Barclay on Religious Exemptions and Hate Speech

This past July, the Center co-hosted a conference in Rome, “Liberalism’s Limits: Religious Exemptions and Hate Speech.” The conference, which addressed the challenges that religious exemptions and hate-speech regulations pose for liberalism, was divided into three workshops, for which participants submitted short reflection papers. Professor Stephanie Barclay (Notre Dame) submitted the following paper for Workshop 2, on religious exemptions, which we are delighted to publish here:

One enduring question of liberal democracies is how to reconcile the tension between claims to authority by the rulers and claims to liberty by the governed. [1] Debates about the validity of religious exemptions often play out as a microcosm of this larger discussion. Some, such as the late Justice Antonin Scalia, have argued that a country would be “courting anarchy” if it too generously provided exemptions to legal rules based on religious objections.[2] At the other end of the spectrum, the United States Supreme Court has also recognized that “[t]hose who begin coercive elimination of dissent soon find themselves exterminating dissenters. Compulsory unification of opinion achieves only the unanimity of the graveyard.”[3] I have argued elsewhere that a legal regime which never provides religious exemptions is primed to increase human suffering and decrease human dignity by penalizing (or making impossible) actions individuals feel they must (or must not) take to comply with higher divine mandates.[4]

One standard answer to the broader dilemma of reconciling authority and liberty is what some scholars term the consent proposition,[5] also reflected in social contract theory that pervades thinking by luminaries such as Locke, Hobbes, Rousseau, and Rawls. This proposition is embodied in the American Declaration of Independence as a “self-evident truth”—that “Governments . . . deriv[e] their just powers from the consent of the governed.” On this account, consent is often emphasized as the sole source of political legitimacy of a legal regime.  Steven Smith has surveyed problems with the consent proposition as an unpersuasive fiction if we are looking for consent on the level of an autonomous individual born into a legal community.[6] But that might be looking to the wrong unit of the populace (just one lone individual) to give consent. As Richard Ekins has explained in his work on joint action theory, groups can act in purposeful ways where a body like “the people” can consent to certain frameworks—like a constitution—for self-governance. To be a free people, the people in the singular is the ruler and agent, and the people in the plural are the ruled and the principals.[7] And for the consent of the group action to be legitimate, the people must have meaningful opportunities to change the legal rules they’ve put in place in the future.

Assuming consent by the people can resolve the tension between authority and liberty generally, how can religious exemptions be provided in a way that is consistent with this type of self-governance? One obvious answer is the use of legislative religious exemptions. Through this method, the people can act jointly in a deliberative manner to protect space for religious exercise where frequent conflicts (and often high-stakes conflicts) can arise between authority and the liberty of a religious objector. In Early American history, the United States offered exemptions from the draft to Quakers who objected on religious grounds to military service.[8] Religious exemptions can be offered in more mundane contexts, like tax exemptions for churches, when the people may judge that excluding some religious institutions from some obligations provides relevant goods to society in other important ways.

While critically important, legislative religious exemptions present some shortcomings. One is that they are usually more attuned to the needs of majoritarian religious groups (or at least large and well-known religious groups) than minority religious groups. For the conflict between authority and religious liberty to have been significant enough to have garnered legislative attention, it’s reasonable to assume that those sorts of conflicts are most obvious when a significant portion of the population shares the belief that gave rise to that conflict. For example, many prisons recognize religious exemptions for kosher dietary requirements. But few recognize exemptions for a Kemetic diet required by adherents of Shetaut Neter.[9] A second limitation is that some types of religious objections result from unexpected applications of a law. These conflicts are thus unlikely to involve a legislative compromise in advance that includes a religious exemption. Third, many government policies are promulgated by agencies, rather than legislatures. Scholars like Philip Hamburger have noted that these less politically accountable institutions are often less sympathetic to the need to craft religious exemptions that would apply to new policies.[10]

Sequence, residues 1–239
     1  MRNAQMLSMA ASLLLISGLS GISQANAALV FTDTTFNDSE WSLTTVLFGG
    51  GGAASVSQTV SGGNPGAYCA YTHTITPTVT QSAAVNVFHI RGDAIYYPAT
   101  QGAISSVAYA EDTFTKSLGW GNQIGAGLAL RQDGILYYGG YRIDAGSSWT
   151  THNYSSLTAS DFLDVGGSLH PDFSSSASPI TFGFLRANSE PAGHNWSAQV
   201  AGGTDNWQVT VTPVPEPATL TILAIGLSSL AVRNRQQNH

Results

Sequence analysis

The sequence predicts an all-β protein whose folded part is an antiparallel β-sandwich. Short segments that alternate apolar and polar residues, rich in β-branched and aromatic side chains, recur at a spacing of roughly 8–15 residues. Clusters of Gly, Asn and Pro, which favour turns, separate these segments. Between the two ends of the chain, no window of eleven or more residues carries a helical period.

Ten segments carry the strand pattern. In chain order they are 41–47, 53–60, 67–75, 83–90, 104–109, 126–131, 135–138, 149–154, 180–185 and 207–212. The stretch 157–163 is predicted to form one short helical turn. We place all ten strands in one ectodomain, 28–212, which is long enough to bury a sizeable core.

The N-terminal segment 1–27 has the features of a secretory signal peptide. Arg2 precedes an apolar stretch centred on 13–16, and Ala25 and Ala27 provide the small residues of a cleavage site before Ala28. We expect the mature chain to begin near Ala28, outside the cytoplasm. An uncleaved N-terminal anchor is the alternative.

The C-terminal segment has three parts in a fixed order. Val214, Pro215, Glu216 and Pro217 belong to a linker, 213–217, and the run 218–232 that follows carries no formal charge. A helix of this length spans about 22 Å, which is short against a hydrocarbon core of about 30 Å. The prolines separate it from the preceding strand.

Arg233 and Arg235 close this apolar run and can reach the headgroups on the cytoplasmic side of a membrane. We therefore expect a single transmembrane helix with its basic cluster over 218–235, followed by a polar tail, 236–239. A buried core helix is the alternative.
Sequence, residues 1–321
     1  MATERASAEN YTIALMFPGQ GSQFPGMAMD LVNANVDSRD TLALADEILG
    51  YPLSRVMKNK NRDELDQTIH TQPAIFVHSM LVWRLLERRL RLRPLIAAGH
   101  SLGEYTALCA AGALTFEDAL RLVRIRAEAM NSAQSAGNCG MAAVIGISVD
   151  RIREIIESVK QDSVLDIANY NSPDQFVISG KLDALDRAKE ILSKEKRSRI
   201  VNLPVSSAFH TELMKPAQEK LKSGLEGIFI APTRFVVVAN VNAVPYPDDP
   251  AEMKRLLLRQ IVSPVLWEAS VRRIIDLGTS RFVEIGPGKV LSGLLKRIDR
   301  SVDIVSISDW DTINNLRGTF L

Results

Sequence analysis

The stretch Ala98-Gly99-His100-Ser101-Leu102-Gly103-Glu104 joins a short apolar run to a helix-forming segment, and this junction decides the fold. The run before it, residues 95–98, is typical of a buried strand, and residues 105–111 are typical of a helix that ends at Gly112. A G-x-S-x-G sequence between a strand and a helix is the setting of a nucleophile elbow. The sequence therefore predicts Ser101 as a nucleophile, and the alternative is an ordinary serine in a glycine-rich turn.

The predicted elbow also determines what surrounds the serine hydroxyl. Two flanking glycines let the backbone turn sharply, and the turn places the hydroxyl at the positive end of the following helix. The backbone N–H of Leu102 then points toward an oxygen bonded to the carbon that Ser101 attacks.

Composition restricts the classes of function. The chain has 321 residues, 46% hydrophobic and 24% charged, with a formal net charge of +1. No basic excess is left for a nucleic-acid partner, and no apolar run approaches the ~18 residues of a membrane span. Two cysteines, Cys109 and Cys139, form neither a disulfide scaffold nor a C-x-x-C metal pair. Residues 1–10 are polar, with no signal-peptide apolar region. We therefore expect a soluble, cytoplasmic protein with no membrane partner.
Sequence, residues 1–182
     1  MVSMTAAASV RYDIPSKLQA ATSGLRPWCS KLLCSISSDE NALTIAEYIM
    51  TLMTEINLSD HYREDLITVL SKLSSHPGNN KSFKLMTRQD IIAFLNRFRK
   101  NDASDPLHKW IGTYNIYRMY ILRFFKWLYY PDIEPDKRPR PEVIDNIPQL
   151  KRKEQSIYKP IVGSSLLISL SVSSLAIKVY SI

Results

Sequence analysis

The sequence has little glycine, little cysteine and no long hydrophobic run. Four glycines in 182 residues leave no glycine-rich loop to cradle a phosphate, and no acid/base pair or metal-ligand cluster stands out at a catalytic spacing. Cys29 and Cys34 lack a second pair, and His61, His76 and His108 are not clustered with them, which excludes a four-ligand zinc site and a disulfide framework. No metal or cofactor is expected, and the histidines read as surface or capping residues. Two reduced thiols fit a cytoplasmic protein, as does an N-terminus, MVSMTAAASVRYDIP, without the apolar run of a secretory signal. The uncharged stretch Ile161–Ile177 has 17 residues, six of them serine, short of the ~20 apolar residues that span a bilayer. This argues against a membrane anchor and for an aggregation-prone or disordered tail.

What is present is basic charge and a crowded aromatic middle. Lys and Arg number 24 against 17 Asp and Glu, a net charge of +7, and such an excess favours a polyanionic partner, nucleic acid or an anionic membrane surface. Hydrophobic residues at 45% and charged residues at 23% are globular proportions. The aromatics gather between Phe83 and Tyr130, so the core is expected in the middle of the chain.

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Call for Papers: Australian Journal of Law & Religion

The Australian Journal of Law and Religion is requesting submissions for its February 2023 Symposium on Theology and Jurisprudence:

  • Paper Proposal: Paper proposals (up to 200 words) and a brief biography must be submitted no later than November 1, 2022
  • Paper Submission: Papers should be completed or at a work-in-progress stage suitable for distribution to other participants by February 1, 2023 and should not be published or currently under consideration elsewhere. Presenters will have twenty minutes to present their paper with time for comments and questions. 
  • Accepted Papers: Authors of accepted papers will have the opportunity to present them at the Symposium. Presented papers may also be considered for publication in a special edition of the Australian Journal of Law and Religion
  • Location: ALS will host the Symposium. Further details and a schedule will be provided.
  • Contact: Please email paper proposals and any questions to Dr. Constance Lee at c.y.lee@cqu.edu

A Writeup on This Month’s Conference in Rome

Here’s a writeup (with photos!) on our conference this month in Rome, co-hosted with LUMSA University, on liberalism, religious exemptions, and hate speech regulations. We’ll post papers from the conference in due course. Meanwhile, thanks to the participants: keynoters Cesare Mirabile and Chantal Delsol, and Professors Stephanie Barclay (Notre Dame); Paolo Cavana (LUMSA); Gayane Davidyan (Lomonosov); Richard Ekins (Oxford); Monica Lugato (LUMSA); Adelaide Madera (Messina); Javier Martínez-Torrón (Complutense); Marco Olivetti (LUMSA); Andrea Pin (Padua); Jeffrey Pojanowski (Notre Dame); Angelo Rinella (LUMSA); Steven Smith (San Diego); and Kevin Walsh (Catholic University of America).